Change Management Evolved

This is the second of four posts exploring the possibility of change management as an unconscious competence. In the first post (What If Change Management Were An Unconscious Competence?), I presented the four stages of competence model and used it as a lens to consider the state of organizational change management ability. I observed that, in my experience, Stage Four organizations – ones where change management has evolved to the level of an unconscious competence – are uncommon but do exist. These are organizations that have purposefully committed the time, resources, and effort to establish a cultural context that enables change management competency at this level.

Let’s push the exploration further. If you or I were to encounter a Stage Four organization – one where change management is a highly evolved competency – what would we learn and see?

The following observations are based on personal experience with high performing organizations where continual innovative change became a norm and competency in change management developed broadly to a high level. These experiences suggest the following:

  1. Previous experience that continued to evolve

The organization has at least one significant, successful change initiative under its belt. If the table stakes were no higher than this (and this is not trivial), then quite a few organizations would be on their way to becoming Stage Four. Regrettably, many organizations that navigated a successful change heaved a collective sigh of relief at having crossed the finish line and then settled into complacency at the new level. They had arrived at the goal they’d set for themselves, and they were finished.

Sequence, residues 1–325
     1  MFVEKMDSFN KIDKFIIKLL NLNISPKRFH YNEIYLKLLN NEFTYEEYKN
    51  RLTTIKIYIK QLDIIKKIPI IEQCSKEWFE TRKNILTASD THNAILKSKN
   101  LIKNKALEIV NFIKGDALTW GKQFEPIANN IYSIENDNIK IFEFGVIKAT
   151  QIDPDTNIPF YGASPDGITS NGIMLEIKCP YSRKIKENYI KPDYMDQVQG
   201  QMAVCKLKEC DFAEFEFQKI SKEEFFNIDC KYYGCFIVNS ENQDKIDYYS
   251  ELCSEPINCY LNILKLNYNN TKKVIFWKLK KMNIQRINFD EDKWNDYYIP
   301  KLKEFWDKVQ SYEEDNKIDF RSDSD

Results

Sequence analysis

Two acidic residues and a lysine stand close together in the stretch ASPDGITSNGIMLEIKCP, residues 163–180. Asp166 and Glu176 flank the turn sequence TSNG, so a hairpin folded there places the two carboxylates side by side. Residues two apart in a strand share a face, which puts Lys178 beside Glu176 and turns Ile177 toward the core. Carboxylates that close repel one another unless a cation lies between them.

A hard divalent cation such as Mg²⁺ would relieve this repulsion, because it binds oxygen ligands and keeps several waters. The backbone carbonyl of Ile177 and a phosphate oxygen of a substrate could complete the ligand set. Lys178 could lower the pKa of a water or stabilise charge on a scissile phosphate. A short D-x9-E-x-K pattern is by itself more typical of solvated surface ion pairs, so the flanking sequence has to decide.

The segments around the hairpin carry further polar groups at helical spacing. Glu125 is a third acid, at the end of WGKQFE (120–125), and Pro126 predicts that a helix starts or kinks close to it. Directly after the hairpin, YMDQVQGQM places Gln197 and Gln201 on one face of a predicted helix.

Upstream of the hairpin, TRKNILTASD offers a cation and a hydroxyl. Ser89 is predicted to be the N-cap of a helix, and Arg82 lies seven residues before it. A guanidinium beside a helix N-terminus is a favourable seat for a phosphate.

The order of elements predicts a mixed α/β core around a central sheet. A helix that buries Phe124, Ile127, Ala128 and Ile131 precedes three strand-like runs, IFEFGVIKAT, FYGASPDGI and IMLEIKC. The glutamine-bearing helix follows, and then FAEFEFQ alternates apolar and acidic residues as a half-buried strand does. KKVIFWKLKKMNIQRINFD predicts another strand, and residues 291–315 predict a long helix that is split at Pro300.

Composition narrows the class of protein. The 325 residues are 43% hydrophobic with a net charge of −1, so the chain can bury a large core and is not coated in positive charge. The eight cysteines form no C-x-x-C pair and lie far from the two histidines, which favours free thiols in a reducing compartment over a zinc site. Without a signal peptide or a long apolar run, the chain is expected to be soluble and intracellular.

One of the key distinguishing features of a Stage Four organization is that it has become emboldened to keep pushing. The new environment that people help to create, the learning they accumulate in their change journey, and the skill they develop, become the launching point for evolving and innovating the change beyond what was initially envisioned. An additional critical ingredient is the orientation of leadership and management to support innovation and continual evolution.

In an example of a Stage Four organization that had undergone a major organizational redesign, successive change opportunities became evident as they lived into the new system. Because of the way leadership had approached the initial change and successfully engaged people, employees discovered their agency. Employees learned that they possessed both the insight and the ability and had leadership’s encouragement to keep refining the initial change. Change no longer was initiated at the top; it was initiated anywhere by anyone with a good idea. (More about this example in the final post of this series.)